‘Medicare for All’ Gains Second Senate Backer
Kamala Harris, the junior Senator from California, has backed Bernie Sanders’ call for creation of a single-payer healthcare system via expansion of Medicare.
The Mercury News:
U.S. Sen. Kamala Harris announced Wednesday that she intends to support a congressional effort to expand Medicare to all Americans.
“I intend to co-sponsor the Medicaid-for-All bill,” California’s junior senator told several hundred people at a town hall at Oakland’s Beebe Memorial Cathedral, referring to Vermont Sen. Bernie Sanders’ Medicare-for-All proposal.
The bill, which Sanders plans to introduce next month, is essentially single-payer health care. It would expand the federal Medicare program, which mostly covers people age 65 and older, to all Americans. (Medicaid, which Harris mistakenly referred to, is a joint federal and state program that provides health coverage to the poor.)
Harris, who previously had said she supported the concept of single-payer health care but hadn’t come out in favor of any specific bill, is the first senator after Sanders to publicly endorse his plan. She said she was backing the bill ”because it’s the right thing to do.”
“Health care should be a right, not a privilege,” she said. “This should not be a partisan issue. It shouldn’t even be a bipartisan issue. It should be a nonpartisan issue.”
She also argued that a single-payer system care would make fiscal sense.
“It is so much better that people have a meaningful access to affordable health care at every stage of life — from birth onward,” she said. “The alternative is that taxpayers are paying huge amounts of money for them to get health care in an emergency room.”
Sanders thanked Harris in a tweet. “Let’s make health care a right, not a privilege,” he said.
Aside from the pedantic point that a service provided by individuals can’t be a “right,” I’m in agreement that universal coverage is fiscally prudent and good public policy. We’ve long known that the American healthcare system is simultaneously the most expensive among those in OECD nations and yet provides the worst outcomes. And, given that it’s a popular, existing program, I’ve long thought that lowering the Medicare eligibility age–and bringing those in less efficient government programs like Medicaid under its umbrella–was the logical solution. But, of course, it’s politically unthinkable right now.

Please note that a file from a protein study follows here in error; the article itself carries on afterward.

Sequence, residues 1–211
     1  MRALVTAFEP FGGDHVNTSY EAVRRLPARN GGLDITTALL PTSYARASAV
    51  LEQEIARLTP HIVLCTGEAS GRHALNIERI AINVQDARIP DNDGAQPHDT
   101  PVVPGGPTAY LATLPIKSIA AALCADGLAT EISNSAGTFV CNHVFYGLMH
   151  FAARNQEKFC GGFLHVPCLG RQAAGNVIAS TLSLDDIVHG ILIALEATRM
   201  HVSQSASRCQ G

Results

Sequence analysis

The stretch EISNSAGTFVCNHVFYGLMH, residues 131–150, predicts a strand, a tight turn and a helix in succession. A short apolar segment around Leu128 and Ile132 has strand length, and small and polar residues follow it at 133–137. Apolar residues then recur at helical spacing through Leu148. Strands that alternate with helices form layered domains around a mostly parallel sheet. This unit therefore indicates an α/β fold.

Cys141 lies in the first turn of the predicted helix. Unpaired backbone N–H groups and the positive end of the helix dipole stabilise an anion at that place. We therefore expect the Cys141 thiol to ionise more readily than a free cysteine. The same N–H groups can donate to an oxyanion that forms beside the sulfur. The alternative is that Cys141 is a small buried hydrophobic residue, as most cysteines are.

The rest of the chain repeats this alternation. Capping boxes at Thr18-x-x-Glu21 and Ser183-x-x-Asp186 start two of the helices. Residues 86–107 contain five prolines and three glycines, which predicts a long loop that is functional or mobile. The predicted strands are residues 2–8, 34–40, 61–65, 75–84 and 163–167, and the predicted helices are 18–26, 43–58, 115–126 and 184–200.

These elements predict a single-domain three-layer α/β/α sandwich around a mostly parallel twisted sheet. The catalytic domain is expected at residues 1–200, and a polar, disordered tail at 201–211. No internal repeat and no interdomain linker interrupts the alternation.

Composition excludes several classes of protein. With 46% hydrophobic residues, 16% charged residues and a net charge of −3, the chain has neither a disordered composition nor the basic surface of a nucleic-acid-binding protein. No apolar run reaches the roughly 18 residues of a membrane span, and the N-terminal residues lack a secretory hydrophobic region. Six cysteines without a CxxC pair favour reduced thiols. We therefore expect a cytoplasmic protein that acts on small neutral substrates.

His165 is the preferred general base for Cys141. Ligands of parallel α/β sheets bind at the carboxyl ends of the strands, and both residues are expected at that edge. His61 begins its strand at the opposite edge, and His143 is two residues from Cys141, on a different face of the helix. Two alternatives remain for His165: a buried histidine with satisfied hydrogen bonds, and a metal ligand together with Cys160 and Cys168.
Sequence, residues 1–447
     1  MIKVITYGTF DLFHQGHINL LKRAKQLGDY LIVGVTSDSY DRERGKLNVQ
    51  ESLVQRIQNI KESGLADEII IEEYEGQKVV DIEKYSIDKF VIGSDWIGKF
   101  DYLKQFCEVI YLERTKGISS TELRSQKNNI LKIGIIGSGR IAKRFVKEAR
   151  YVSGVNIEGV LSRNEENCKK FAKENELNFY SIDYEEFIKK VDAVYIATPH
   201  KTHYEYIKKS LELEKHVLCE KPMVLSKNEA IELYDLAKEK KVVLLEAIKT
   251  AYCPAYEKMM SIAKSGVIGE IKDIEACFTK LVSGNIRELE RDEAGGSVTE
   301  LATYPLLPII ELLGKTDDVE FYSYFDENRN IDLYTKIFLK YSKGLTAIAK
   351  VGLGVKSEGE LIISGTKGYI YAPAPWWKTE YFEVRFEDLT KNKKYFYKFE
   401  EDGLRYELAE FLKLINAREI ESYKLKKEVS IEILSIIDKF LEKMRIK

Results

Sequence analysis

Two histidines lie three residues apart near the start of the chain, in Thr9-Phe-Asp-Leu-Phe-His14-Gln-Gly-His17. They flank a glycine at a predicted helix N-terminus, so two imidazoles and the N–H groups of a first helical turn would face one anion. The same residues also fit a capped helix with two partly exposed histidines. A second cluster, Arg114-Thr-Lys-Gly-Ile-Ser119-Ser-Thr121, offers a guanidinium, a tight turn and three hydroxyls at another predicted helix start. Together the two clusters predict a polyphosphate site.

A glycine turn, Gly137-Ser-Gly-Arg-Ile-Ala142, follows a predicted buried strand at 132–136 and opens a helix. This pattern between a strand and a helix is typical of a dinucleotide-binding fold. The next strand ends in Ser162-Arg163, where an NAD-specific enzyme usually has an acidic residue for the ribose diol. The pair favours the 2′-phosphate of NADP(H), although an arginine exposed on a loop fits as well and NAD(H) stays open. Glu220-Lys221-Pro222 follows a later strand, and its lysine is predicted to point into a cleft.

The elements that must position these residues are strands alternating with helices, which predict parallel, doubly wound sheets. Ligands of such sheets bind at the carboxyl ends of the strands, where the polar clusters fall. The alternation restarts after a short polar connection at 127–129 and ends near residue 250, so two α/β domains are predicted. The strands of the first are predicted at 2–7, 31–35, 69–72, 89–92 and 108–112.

Following the link to the description of Sanders’ plan, it’s clear he at least recognizes that:
Sanders acknowledges that it will take some time to move to a single-payer system. That’s why he says he’ll introduce a bill next month that expands the eligibility of Medicare to people between the ages of 55 and 64.
“That’s an interesting idea and one of the proposals that I will be bringing forth shortly, which I don’t think Republicans will support, will be to lower the age for Medicare eligibility to 55 years of age,” said Sanders. “That is one way to phase it in.”
Aside from partisanship, there’s legitimate fear in the public about what the transition would look like:
Retired Middlebury College political science professor Eric Davis says the people that Sanders needs to win over in this public policy debate are individuals who have relatively good employer sponsored health care policies. Davis says this group of consumers needs to see the benefits of Sanders’ plan.
“That what he’s proposing would be A) better, B) less expensive and C) would lead to better health outcomes without D) restricting their choice of doctors and providers,” said Davis.
As the old joke goes, pick two.
There’s little doubt that universal coverage under Medicare would provide better overall outcomes than our current system, which leaves many uninsured and incentivizes other to delay treatment until diseases get to advanced stages. It would almost certainly be cheaper on a per-capita basis, as well, since Medicare caps payouts better than private insurance—let alone billing at the “no insurance” rate. But, at least during the transition, people shifting off of private insurance to Medicare would have more restricted choice, since many providers don’t take Medicare patients—precisely because of those payout caps. Presumably, once Medicare became universal, few providers, indeed, could afford to opt out.
What neither of the linked stories covers is how much all of this would cost. A May 2016 Urban Institute study estimated that it would cost the federal government $32 trillion over 10 years–largely because it would mean absorbing costs currently borne by state and local governments and employers. A June 2016 Tax Policy Center study estimated that Sanders’ plan would “add $18 trillion to the national debt over a decade”—and that’s accounting for the $15.3 trillion they estimate his proposed tax hikes would bring in. (The figures also include Sander’s desire to make college tuition free, but that only accounts for $807 billion over the period.)
Of course, those figures have to be offset by what the private insurance-based system costs individuals and businesses. If an individual is paying $800 a month for insurance, another $200 in deductibles and co-pays, and his employer is kicking in $500 in subsidies, that’s $1500. That’s a lot of maneuver room for offsetting taxes. But the TPC study factors in Sanders’ preferred tax hikes.